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Practice Tip: How good are your people?

11th Feb 2005
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When all is said and done an accountancy practice is as good as the people who work in it. That's why they're the first thing you have to SWOT when planning for a firm.

Be realistic. You need to assess your people in two areas:
1) technical ability
2) soft skills.

You'd be wise to start with the technical appraisal. This requires a candid assessment of technical competence split between:
a) accounting
b) tax
c) IT
d) regulation
e) verbal communication skills
f) written communication skills
g) management techniques
h) business planning
i) company and other commercial law;
j) others you think relevant.

If you have an appraisal system you might already know this, but most small firms don't use such methods, and even if they do rarely extend them to the partners. So in itself this process might not be that easy. For example, telling your partner that they write an appalling tax letter firstly because they haven't updated their tax knowledge since they qualified in 1987 and secondly because they haven't a clue how to communicate in writing requires a certain degree of tact, considerable goodwill on all parts and the acceptance that they might think exactly the same of you. And this, I assure you, is the easy part.

Soft skills are much harder to assess. They cover:
1) management ability
2) people skills
3) client relationships
4) temperament
5) attitude - especially in areas which expose the firm to risk such as regulated areas of discrimination (simply because if they make a mistake you might end up paying for it)
6) motivation.

Again, these can cover a multitude of sins and each can lead to a wide range of areas of review. It is precisely because of that that you may wish to consider Mind-Mapping techniques for undertaking this task, as I have recommended before in these tips.

When doing all this do remember though that this is just the first stage of the process. Exposing all your flaws is one issue - but counting your strengths is the other one. And then deciding what to do with the resulting view that this provides is the bit where skill comes in.

In that context remember is that diversity is to be welcomed. Of course, you'd prefer that the diversity was set against a background of technical competence, but the latter is in many senses the easiest thing to correct in any firm. Commit relatively modest amounts to training and great leaps forward in competence often result. The same is not true of personality differences. These are deep, ingrained and often impossible to alter.

With regard to personalities what you're trying to find out is whether:
1) each person is doing the task that best suits their personal skills
2) if they're not, whether they should be changing what they do.

Again, I offer you a technique to help you appraise whether this is the case of not. I have found nothing more useful than the Myers Briggs Type Indicator to explain all the different types of character in life you are likely to meet. Of course anything that puts all people into one of just 16 boxes is bound to be a bit broad brush, but let's be candid - few people can remember the content of 16 boxes at one time, so a combination of four different indicators with two options for each is used by Myers Briggs to allocate people to those boxes.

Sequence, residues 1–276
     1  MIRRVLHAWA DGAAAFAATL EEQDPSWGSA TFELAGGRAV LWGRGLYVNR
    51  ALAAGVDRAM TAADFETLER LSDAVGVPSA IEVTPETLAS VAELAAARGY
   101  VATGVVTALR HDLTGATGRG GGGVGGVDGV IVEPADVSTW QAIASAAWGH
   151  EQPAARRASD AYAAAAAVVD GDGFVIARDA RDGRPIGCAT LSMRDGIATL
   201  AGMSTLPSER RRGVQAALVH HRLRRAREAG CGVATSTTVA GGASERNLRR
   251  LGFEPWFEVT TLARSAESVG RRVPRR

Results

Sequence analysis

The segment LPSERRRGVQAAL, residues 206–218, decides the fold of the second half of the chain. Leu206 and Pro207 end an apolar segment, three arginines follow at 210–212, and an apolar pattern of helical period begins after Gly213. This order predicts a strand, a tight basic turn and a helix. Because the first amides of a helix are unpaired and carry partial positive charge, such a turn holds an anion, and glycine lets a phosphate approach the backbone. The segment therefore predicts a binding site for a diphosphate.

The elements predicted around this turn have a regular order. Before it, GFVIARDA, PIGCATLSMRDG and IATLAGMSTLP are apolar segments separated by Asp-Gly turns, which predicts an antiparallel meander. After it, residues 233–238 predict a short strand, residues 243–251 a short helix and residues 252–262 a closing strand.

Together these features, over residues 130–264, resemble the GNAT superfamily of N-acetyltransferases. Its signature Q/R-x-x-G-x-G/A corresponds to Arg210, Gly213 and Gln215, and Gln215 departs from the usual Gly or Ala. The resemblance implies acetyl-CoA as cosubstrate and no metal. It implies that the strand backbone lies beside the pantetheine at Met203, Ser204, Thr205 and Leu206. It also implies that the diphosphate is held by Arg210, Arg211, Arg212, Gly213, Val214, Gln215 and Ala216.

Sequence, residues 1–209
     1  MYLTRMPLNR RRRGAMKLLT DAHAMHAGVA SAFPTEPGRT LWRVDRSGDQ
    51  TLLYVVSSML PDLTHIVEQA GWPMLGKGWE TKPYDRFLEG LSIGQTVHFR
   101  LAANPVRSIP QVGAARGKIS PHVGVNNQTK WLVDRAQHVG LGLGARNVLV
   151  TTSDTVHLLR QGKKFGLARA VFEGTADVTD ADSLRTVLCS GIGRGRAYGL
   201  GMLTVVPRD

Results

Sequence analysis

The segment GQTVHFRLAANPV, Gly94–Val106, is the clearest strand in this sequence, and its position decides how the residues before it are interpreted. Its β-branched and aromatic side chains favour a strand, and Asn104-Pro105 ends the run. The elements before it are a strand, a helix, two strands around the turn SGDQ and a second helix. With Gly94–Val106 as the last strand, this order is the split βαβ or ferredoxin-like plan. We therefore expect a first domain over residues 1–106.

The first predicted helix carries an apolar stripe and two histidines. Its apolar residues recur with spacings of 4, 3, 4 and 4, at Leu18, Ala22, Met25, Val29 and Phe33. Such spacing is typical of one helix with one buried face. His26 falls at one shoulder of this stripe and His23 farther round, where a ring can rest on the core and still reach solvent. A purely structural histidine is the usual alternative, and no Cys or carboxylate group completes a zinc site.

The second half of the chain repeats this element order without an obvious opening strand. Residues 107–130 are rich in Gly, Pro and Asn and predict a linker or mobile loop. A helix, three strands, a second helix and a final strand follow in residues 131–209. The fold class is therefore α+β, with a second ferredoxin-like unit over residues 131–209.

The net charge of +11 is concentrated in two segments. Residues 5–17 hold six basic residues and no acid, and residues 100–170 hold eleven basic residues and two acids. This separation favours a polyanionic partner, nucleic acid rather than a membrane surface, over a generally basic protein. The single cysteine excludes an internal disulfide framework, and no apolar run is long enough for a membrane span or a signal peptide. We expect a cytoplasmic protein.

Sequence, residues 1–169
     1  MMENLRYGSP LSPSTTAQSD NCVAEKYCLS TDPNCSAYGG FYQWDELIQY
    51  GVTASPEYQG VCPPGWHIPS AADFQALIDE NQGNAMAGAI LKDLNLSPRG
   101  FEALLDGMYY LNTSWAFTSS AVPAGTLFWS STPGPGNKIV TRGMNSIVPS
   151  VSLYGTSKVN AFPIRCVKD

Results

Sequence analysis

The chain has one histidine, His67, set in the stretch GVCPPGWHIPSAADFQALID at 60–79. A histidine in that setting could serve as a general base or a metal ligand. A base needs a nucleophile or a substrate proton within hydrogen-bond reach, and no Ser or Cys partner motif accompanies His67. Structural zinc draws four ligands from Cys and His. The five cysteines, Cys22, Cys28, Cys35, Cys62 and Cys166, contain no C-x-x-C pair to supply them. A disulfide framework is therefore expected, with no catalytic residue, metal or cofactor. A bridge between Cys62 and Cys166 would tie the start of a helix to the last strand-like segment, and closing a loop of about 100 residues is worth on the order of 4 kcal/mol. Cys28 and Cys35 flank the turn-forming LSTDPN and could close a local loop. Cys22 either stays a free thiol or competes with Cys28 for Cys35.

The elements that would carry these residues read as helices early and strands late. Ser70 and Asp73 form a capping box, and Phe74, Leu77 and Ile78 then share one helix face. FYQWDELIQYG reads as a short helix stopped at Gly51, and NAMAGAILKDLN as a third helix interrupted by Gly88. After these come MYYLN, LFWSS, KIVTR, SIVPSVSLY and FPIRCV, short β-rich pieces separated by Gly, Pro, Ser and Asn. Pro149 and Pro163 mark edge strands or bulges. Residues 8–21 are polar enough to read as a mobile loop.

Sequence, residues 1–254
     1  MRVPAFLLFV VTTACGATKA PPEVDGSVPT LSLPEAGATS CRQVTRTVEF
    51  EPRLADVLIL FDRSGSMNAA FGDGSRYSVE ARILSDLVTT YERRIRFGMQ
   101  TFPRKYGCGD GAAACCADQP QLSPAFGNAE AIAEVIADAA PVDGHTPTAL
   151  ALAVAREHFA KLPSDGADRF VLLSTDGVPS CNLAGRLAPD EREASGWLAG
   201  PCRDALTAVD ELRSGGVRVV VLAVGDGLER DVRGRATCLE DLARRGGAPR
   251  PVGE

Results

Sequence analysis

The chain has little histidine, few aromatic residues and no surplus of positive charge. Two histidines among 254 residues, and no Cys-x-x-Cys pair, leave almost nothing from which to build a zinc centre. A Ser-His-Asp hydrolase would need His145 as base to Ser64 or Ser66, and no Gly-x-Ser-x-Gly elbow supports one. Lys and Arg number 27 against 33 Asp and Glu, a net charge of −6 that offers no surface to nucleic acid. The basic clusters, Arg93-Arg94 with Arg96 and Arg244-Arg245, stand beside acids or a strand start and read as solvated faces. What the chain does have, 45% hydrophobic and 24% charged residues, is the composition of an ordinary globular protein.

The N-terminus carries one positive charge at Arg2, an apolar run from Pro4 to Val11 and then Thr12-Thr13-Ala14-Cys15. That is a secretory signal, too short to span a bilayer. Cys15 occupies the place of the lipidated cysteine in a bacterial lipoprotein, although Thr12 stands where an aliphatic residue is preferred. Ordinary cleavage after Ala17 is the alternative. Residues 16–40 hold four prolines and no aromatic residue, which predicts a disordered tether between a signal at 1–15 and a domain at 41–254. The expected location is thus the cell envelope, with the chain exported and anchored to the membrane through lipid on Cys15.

Having an understanding of these types might help in these ways:
1) you might understand more about yourself
2) you might understand why people are so infuriating to you, and quite acceptable to themselves
3) you might be more tolerant as a result
4) you might see how the differences people offer help to build a team that can operate more effectively than one built solely in the image of its leader (which I expect is you, in all probability) however strong the tendency amongst all managers might be to seek people just like themselves to fill all available positions.

So, if there's something you might want to do before embarking on this process, it's to have a read about Myers Briggs first. Bash those words into Google and any number of options will come up. Happy reading!

Richard Murphy
[email protected]
AccountingWEB contributing editor Richard Murphy is a sole practitioner chartered accountant but was previously senior partner of a firm for 11 years. He has also been chairman, chief executive or finance director of 10 SMEs. In addition to accounting, writing and lecturing Richard develops and markets software tools and guides to help accountants in practice systematise their operations.


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By The Minion
11th Feb 2005 12:07

we've done this already..
we profiled everyone in our office and now we know why people don't always listen (they are dominant types who don't think you have any valid input) etc.

We took it one step further and profiled our clients. Now we don't push the "in your face" tax planning to the ultra conservatives (we push fee insurance instead).

It definitely works!

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